I first planned to walk the route of Hadrian’s Wall in May 2020, but the Covid pandemic put paid to those ambitions. At that time, the itinerary I had worked out for myself was to start in Newcastle and to finish in Bowness-on-Solway, effectively walking from the east coast of England and finishing on the west. I remember feeling disappointed that the various pandemic lockdowns were going to thwart my plans, but now I can look back with something like relief that my first attempt to walk the Wall was delayed such that I was able to revise my planning.
By the time I returned to the idea of following the Hadrian’s Wall Walk, it was late-September 2021. At some time during those intervening sixteen months, I had turned my proposed itinerary on its head and had decided to walk from west to east, effectively starting in Bowness-on-Solway and ending up in Tynemouth. And I’m so glad that I made the change.
For any walker of Hadrian’s Wall, the direction of travel is a prime consideration, and there is much debate over which direction is best. When I originally considered walking from east to west, I think that my principal reason was to get the long stretch of ‘urban’ walking through Newcastle’s suburbs over first, with the idea that once I emerged from the city I would have nothing but open countryside ahead of me. As a working hypothesis, it has some merits, but I now consider that these are greatly outweighed by the benefits of walking from west to east.
The chief advantage of walking from west to east is that you will normally have the prevailing weather conditions to your back. Britain’s weather is most largely influenced by whatever is blowing in from the Atlantic and, particularly at the time I was walking, late on in the season, this is likely to contain a fair amount of wind and rain. Hours of walking with a lashing gale to your back is bearable; having to face a persistent barrage of sleet and storm head-on can become quickly demoralising. Having said that, the weather for most of my walk was thankfully pretty clement.
Another consideration for me was that the guidebook I was using detailed the route from west to east. While it is of course possible to simply follow the written directions in reverse, I always find this stressful and I will invariably make a slip-up somewhere; go right when I should have gone left, or vice versa.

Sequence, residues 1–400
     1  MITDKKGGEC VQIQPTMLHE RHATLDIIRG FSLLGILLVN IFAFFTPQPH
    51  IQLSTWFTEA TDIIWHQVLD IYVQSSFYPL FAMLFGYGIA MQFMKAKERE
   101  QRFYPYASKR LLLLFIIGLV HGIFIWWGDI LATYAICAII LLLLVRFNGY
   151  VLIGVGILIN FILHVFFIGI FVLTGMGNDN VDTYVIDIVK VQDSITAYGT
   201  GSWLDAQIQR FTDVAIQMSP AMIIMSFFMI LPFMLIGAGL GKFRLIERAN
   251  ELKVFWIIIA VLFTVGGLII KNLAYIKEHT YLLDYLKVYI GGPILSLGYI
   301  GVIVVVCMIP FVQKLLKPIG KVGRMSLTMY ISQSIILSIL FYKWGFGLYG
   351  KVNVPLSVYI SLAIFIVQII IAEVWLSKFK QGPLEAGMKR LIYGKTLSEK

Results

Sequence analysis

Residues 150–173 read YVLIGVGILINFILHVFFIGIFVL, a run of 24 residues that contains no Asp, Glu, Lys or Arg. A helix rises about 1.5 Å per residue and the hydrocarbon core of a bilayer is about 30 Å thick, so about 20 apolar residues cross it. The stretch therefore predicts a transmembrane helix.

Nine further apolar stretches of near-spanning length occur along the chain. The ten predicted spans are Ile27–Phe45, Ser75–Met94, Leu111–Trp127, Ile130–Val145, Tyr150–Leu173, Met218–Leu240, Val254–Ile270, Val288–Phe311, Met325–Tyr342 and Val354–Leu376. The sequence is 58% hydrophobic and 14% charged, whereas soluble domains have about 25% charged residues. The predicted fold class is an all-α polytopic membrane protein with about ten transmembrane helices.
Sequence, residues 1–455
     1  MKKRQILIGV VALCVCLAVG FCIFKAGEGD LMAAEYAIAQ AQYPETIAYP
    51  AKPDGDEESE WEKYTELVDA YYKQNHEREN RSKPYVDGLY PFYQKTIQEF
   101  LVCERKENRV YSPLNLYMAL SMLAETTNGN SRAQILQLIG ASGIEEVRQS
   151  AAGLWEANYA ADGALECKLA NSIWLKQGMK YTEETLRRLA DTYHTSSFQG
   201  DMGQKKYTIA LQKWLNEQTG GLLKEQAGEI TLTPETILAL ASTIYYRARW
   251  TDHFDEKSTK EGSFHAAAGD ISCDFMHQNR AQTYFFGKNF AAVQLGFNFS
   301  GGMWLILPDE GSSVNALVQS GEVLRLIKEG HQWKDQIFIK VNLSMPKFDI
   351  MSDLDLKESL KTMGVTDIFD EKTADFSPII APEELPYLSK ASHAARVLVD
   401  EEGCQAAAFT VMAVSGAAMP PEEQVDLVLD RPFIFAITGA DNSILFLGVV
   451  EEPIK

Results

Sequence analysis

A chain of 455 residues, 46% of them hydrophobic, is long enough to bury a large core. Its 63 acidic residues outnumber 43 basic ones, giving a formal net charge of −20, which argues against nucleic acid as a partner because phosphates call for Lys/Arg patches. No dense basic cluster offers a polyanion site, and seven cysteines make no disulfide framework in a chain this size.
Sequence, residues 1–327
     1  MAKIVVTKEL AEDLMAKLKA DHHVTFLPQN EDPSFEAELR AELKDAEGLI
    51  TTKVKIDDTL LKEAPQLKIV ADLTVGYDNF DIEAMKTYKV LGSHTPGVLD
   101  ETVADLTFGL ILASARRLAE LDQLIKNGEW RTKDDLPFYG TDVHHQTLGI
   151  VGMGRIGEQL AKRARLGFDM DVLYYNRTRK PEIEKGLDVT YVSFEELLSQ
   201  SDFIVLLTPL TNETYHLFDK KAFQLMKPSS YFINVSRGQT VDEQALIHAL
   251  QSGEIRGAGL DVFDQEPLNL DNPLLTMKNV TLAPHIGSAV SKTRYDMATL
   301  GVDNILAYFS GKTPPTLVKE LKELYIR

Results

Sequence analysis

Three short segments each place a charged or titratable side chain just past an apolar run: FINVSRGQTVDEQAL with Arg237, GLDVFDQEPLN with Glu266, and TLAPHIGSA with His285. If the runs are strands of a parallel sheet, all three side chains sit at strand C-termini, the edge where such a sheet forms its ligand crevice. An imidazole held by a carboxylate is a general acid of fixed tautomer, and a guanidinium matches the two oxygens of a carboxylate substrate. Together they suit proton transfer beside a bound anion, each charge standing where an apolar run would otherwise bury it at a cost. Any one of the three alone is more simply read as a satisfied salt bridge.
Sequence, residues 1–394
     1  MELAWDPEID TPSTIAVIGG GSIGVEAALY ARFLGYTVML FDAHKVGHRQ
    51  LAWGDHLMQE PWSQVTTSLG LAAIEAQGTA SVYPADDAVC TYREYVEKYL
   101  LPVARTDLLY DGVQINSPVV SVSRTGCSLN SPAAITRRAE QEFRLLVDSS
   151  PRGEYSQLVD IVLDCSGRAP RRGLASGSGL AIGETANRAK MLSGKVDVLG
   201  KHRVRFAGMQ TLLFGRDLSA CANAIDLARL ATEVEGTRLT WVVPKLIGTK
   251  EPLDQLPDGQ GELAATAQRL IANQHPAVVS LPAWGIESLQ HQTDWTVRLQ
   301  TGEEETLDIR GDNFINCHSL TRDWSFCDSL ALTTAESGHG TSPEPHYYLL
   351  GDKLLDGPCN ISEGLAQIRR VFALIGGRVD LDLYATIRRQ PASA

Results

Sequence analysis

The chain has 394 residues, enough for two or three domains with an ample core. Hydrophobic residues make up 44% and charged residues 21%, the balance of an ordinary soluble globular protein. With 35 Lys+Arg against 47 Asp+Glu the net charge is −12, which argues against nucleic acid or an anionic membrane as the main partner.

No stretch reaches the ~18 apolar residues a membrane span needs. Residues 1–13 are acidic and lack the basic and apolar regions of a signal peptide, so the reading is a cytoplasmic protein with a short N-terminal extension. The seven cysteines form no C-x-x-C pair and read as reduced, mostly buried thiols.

On the course of my walk, I met plenty of people who were following the route in the opposite direction to me––as a West-easter it is inevitable that you will meet more East-westers than the other way around––and all of them seemed perfectly happy with their choice of direction. But having plumped for west to east, I simply couldn’t imagine doing it any other way.
If I had one slight twinge of East-wester envy it was this. Arriving at Tynemouth, at the end of my walk, and filled with the exhilaration of finishing, I wanted to be able to share my experience with someone but, Tynemouth being a relatively large community, my own personal triumph was swallowed up amidst the general throng of beach-goers and day-trippers. Whereas to finish in Bowness-on-Solway, and to end up in the Kings Arms pub––as you inevitably will––you are met by everyone else who has completed the walk that same day, and there is an opportunity to talk about blisters, and heifers, and hiking boots, and rain showers––and even odd bits of Roman history––ad nauseam, over a well-earned drink.
Perhaps in the end it doesn’t matter too much which direction you follow Hadrian’s Wall, what is more important is just to do it.
© E. C. Glendenny
Despite what she says, E. C. Glendenny is secretly still a West-easter.
Check out some more of E. C. Glendenny’s travel writing in Easy on the Eyes.